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BY NOW most of us will have learned to keep our expectations low whenever a band – reunited for a fistful of dollars and a rush of nostalgia – unveils that dreaded ‘new material’. This week, The Libertines became the latest outfit to follow a rush of live shows with a studio attempt to regain faded glories.

As much as we, the fans and the media, push a reformed band for new work, deep down we really don’t want to hear it. We don’t want to face the inevitable reality that, really, your favourite band from a decade ago just aren’t as good as they used to be. We’ve seen it before with everyone from The Verve to The Pixies, Dexys to Damien Rice.

For all the good intentions and positive messages fed to the press, a group of musicians simply just can’t pick up creatively from where they left off. The best bands are all products of personnel, place and time. Remove a member or insert a lengthy hiatus and the creativity just don’t flow. The flame is gone. The magic is over. The moment has passed.

And that moment is vital. Bands have their time, and when that time is done, it’s done. The La’s, Pulp, Whipping Boy, The Pogues, The Blades and The Stone Roses may have all triumphed with live returns, but they have had the good grace to realise that there is no point trying to reignite a burst of creativity that was captured a dozen years previous.

Sure, not all material produced by returning groups or musicians is bad. Occasionally some of the big ‘comebacks’ will deliver a real gem, such as Blur’s ‘Under The Westway’ and The Pixies’ ‘Indie Cindy’, while smaller groups, such as Sleater Kinney or Afghan Whigs, have tended to fare better without the burden of mass expectation.

The Libertines – back this week with ‘Gunga Din’, their first new material in 11 years – will have firm judgement reserved until the release of their third album, Anthem For a Doomed Youth, on September 4. The signs, however, are not to get overly excited.

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While ‘Gunga Din’ comes armed with typically fine lyrics, duel vocals and a trademark melodic, yobby chorus, it nonetheless doesn’t hold a candle to anything on their classic debut, Up The Bracket, or even that albums b-sides and cast offs. It would probably have made the grade for their drug addled, patchy second album. Not awful, but not vintage either.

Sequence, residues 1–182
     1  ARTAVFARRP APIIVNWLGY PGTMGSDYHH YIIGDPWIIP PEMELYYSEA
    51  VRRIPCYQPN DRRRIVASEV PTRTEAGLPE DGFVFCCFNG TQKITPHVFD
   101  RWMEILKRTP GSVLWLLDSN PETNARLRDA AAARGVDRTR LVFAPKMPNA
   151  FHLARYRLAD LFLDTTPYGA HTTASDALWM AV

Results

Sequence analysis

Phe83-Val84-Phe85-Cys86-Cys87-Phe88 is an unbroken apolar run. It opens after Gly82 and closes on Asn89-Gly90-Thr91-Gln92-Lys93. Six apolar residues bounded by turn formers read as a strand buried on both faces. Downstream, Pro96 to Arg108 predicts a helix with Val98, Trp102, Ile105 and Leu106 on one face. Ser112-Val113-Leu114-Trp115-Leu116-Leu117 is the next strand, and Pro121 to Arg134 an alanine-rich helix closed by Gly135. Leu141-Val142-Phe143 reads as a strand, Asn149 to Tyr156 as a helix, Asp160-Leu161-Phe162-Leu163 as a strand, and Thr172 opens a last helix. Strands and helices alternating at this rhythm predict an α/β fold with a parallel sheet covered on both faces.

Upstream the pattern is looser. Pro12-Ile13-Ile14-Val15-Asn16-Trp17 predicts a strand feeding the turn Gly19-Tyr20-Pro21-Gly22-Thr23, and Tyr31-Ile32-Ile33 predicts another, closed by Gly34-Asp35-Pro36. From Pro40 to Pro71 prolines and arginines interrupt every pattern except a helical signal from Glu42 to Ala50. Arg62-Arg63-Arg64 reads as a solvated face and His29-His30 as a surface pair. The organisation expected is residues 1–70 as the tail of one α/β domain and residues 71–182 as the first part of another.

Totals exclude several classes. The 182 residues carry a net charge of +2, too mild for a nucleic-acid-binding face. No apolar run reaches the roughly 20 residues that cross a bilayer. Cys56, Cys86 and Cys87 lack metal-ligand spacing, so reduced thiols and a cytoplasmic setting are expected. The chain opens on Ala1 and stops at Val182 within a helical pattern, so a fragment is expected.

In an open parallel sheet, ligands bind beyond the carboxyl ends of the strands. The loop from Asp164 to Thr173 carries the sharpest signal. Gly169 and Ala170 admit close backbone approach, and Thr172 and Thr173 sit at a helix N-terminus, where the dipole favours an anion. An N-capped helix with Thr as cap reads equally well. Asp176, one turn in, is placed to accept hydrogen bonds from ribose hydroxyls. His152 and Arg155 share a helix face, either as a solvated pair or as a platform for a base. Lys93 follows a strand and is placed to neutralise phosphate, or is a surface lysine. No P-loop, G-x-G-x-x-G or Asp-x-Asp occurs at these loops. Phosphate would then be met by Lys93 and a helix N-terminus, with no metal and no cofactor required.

The saving grace for The Libertines may come down to their stated realisation that they won’t be able to produce another Up The Bracket, and the fact that they have returned during a particularly dire period for British guitar music.

When you see the likes of Alt J, The Vaccines, Catfish & The Bottlemen, Courteeners, The Maccabees and Wild Beasts high up festival bills, you know the scene needs a firm belt up the backside.

Intriguingly (or oddly) Jake Gosling, best known for his work with Lady Gaga, Ed Sheeran and One Direction, has produced the new record. “It’s not us repeating ourselves, that’s for sure,” Carl Barât recently told NME. “We’ve definitely moved on.” As to whether the new record will contain dirty fast guitar tracks, ala their debut, Barât said there are only ‘nods’.

“We weren’t really in that rhythm,” he said. “There are a few nods to it, but if we’re not in that rhythm and it’s not part of our lives, then there’s no point in forcing it.”

Not part of our lives… forced… All thoughts that come to mind with reformation records of past. We can only live in hope that the need to produce something new in order to keep the show on the road wasn’t the only major consideration this time around, but the omens aren’t good.